If there is one feature Churchill students tend to dislike in the existing college buildings, it is the lack of social space in courts and closed staircases. Cowan Court introduces a glazed gallery surrounding its inner courtyard. The gallery is beautifully proportioned, light, naturally ventilated and connects all rooms, fostering a sense of community right at the heart of the building. A quick student survey revealed they liked Cowan Court due to its spacious, well-illuminated and well-insulated rooms and the college’s ‘signature’ bay windows.

We are very proud of Cowan Court, and see it as a worthy addition to the college’s outstanding architectural legacy.

Minna Sunikka-Blank, fellow and director of studies of architecture, Churchill College

Cowan Court by 6a Architects

Cowan Court by 6a architects

Source: Johan Dehlin

Specification

Windows
Flexwood

Structure
B&K Structures and Engenuiti

Partitions and external wall buildup
G&A Group

Solid external doors
JP Stone

External cladding
SDC Special Projects

Glazed fire screens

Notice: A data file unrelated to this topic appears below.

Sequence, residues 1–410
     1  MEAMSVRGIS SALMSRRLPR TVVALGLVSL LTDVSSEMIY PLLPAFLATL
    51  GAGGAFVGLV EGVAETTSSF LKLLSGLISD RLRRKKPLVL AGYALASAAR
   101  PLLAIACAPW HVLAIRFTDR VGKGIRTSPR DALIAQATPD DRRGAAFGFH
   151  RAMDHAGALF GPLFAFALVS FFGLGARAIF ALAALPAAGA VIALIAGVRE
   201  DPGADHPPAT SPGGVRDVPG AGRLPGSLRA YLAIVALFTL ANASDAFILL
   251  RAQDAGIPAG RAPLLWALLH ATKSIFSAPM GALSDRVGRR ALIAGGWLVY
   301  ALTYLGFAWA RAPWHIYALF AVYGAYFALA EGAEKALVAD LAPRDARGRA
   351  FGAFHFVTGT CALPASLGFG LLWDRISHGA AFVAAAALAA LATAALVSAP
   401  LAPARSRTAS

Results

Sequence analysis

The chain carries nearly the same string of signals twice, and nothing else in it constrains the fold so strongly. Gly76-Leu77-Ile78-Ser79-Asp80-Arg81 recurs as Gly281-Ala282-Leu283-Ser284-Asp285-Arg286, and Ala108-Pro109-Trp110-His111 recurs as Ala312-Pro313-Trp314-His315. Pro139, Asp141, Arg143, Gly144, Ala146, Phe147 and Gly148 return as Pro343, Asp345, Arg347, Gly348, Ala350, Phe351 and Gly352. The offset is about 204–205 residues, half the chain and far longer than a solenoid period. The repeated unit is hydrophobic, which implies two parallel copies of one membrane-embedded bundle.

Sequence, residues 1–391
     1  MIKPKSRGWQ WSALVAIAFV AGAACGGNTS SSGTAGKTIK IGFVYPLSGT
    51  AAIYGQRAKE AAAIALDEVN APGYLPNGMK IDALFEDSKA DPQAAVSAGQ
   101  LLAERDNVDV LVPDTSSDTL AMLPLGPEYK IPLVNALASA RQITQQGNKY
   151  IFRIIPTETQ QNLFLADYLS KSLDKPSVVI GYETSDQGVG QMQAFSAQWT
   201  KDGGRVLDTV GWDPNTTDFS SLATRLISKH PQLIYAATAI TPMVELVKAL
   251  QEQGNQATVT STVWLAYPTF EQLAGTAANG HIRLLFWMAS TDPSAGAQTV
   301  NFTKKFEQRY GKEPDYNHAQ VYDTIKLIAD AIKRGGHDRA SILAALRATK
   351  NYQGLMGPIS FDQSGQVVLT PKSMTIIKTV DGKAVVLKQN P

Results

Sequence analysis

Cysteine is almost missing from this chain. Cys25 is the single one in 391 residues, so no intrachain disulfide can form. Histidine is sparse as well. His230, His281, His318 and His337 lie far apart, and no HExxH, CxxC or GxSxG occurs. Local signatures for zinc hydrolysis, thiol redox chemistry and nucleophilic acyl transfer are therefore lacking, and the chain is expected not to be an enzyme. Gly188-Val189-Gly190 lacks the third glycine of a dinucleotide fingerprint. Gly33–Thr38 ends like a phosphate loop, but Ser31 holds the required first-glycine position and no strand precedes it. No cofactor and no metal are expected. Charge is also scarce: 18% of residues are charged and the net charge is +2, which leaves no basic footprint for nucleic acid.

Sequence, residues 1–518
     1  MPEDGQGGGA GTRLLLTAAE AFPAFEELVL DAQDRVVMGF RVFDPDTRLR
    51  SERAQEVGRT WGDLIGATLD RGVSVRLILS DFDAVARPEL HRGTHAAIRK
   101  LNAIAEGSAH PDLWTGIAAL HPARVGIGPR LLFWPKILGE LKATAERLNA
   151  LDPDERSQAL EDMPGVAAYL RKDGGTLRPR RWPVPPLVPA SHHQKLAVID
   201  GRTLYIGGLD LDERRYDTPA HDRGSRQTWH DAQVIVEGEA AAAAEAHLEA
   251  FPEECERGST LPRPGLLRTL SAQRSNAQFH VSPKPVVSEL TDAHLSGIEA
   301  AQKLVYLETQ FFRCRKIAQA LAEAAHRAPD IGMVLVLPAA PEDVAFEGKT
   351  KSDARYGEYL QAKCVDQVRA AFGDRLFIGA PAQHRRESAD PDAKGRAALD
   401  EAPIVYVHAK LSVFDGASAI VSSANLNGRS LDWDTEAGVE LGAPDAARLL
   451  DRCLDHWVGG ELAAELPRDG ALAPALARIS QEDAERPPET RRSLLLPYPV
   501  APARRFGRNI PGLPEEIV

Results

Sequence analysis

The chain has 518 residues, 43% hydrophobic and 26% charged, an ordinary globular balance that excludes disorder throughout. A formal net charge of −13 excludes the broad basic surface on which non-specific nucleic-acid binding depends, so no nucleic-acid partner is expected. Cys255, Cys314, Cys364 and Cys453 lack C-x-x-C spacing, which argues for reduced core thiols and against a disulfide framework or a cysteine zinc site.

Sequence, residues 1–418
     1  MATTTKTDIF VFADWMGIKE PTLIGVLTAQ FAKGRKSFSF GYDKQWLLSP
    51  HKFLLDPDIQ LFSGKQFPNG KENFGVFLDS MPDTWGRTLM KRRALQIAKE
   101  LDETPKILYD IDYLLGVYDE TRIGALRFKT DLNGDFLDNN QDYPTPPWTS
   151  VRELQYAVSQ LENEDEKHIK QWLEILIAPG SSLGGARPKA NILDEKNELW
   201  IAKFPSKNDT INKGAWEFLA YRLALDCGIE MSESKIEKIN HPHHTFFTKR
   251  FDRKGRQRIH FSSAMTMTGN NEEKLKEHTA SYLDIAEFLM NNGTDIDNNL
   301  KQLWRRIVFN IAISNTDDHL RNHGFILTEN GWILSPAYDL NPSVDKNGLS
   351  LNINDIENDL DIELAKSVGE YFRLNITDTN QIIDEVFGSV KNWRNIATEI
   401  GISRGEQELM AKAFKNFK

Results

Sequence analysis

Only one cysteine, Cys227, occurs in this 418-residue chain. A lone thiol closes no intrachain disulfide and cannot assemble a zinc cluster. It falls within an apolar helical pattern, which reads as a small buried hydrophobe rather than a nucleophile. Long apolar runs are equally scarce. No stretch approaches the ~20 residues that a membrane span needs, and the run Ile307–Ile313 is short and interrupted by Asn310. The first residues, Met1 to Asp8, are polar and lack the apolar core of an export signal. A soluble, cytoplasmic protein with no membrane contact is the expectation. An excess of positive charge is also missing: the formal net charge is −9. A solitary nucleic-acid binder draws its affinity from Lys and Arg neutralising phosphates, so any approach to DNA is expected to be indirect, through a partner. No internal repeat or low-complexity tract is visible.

Advanced Joinery

Bathroom pods
Offsite Solutions

Reclaimed oak
BCA (France)

Façade metal work
Aalco

Architectural metal work
Cobra

Roof and rainwater pipes
KGM

Cowan Court by 6a Architects

Cowan Court by 6a architects

Source: David Grandorge

Project data

Start on site March 2015
Completion July 2016
Gross internal floor area 2,420m²
Form of contract JCT Design and Build 2011
Construction cost £9.22 million
Construction cost per m² £3,800
Architect 6a architects
Client Churchill College
Structural engineer Price & Myers
M&E consultant Max Fordham
QS Gleeds
Landscape architect Jonathan Cook Landscape Architects
Façade consultant Harry Montresor Partnership
Planning consultant Beacon Planning
Project manager Aecom
CDM coordinator Gleeds
Approved building inspector MLM
Main contractor SDC Builders
CAD software used Microstation